Many college students choose to go to parties and drink underage, but fail to consider the consequences. A minor in possession (MIP) is considered a civil infraction in the state of Michigan. Though recent changes to the law have severely reduced consequences, Ferris students should still be aware of what a MIP means for their future.
“I know so many people that have gotten MIPs,” Ferris television and digital media production sophomore Lacie Stevens said. “Usually it’s a party that got busted and they tried to run, and the cops caught them.”
According to The Detroit Free Press, the most recent Michigan State Police statistics from 2009 to 2013 reported more than 38,000 minor-in-possession arrests during the four-year time frame.
“A lot of students are very irresponsible about it,” Stevens said. “A lot of people are like ‘Oh, I can drink as much as I want, it doesn’t matter until I graduate.’ That’s extremely unhealthy.”
A recent amendment to the law reduced court consequences by classifying the first offense as a civil infraction instead of a misdemeanor, which took effect October 2017.
Repercussions now include fines starting at $100. Big Rapids Department of Public Safety (BRDPS) Sergeant Elizabeth West compared getting a MIP to a traffic ticket. A student will usually have to go in and pay a fine.
The infraction is posted on your driving record, but unlike a traffic ticket, it won’t affect insurance prices. In addition, substance abuse treatment and community service may be required. Changes to the law also removed any jail time for a first offense.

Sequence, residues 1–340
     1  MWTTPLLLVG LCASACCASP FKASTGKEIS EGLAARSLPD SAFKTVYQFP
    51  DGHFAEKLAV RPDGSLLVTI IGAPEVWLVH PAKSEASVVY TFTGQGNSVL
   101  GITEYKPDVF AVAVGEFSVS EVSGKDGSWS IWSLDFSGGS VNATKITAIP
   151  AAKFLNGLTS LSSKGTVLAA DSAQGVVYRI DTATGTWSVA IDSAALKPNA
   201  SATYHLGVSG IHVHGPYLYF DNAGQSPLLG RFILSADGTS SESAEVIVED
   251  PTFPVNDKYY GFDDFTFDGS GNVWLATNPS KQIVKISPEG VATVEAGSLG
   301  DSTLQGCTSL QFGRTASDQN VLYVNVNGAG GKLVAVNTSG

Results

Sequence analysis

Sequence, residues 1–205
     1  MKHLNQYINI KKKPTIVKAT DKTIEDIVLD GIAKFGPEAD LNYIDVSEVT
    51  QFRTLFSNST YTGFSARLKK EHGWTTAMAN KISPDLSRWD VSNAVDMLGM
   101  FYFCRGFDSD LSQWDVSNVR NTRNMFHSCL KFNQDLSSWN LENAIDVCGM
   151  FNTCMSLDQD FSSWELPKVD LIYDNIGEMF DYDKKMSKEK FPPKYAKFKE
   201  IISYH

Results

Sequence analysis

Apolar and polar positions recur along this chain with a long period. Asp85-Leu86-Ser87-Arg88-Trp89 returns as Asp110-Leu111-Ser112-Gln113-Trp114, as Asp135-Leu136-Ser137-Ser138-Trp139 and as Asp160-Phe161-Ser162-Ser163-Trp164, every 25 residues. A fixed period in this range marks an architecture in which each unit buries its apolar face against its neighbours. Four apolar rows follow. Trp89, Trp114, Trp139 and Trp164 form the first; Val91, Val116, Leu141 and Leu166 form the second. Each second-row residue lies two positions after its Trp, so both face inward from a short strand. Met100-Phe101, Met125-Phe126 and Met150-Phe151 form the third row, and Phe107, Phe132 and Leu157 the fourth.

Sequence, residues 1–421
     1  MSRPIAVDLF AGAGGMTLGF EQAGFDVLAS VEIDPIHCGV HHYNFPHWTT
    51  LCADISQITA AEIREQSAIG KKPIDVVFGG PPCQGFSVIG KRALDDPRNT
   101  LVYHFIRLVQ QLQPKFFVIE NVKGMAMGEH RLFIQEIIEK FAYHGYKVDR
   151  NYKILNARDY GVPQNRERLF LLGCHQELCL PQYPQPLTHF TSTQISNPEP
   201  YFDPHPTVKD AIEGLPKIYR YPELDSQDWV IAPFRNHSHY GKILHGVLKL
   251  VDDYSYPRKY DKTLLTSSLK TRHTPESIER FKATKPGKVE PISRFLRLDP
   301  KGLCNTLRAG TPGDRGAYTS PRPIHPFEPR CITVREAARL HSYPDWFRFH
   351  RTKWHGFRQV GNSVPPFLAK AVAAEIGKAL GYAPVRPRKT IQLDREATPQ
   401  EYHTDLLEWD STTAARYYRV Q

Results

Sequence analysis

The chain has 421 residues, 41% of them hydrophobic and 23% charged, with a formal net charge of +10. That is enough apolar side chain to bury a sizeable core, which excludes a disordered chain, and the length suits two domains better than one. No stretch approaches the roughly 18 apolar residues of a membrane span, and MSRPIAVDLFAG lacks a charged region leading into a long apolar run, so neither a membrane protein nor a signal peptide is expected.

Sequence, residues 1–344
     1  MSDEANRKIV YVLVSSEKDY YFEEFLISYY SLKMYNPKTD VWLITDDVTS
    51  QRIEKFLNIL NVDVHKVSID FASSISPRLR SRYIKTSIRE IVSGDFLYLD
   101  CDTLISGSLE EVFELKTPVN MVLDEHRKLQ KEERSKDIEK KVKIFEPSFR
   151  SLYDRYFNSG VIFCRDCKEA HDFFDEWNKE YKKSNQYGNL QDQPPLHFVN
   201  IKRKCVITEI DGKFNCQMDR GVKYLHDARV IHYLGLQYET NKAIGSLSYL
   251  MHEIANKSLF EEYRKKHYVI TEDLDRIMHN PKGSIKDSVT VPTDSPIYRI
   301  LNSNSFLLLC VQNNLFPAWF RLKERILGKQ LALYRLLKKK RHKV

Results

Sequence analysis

“For a minor in possession of alcohol, depending on what job you’re going for, I don’t think that it would have devastating results,” West said. “It’s not like you have a criminal history now because of it. It’s not like you were convicted of assault or something. It’s different.”
Ferris digital animation and game design junior Cameron Zeter said he could understand underage drinking if it’s due to family custom or heritage, but he doesn’t support underage kids going out to get drunk.
“Just go and wait until you’re 21 instead of doing it now. Then you won’t have any repercussions,” Zeter said.
According to West, since Sept. 1, 2018, BRDPS has issued 37 minors in possession citations. Of the 37 issued, eight were second offenses and two were third offenses.
Trouble starts brewing when there are repeat offenders. A second offense is considered a misdemeanor and brings about harsher consequences. Fines start at $200, with a 90-day license suspension. In the case of a second or third offender, employment opportunities may be affected.
According to West, the officers write tickets when issuing an MIP and do not arrest the offenders.
“If you get convicted, or you get your second or third MIP, you’ve technically been arrested for a misdemeanor. You just didn’t go to jail,” West said. “Somebody may have to tell their employer; be honest.”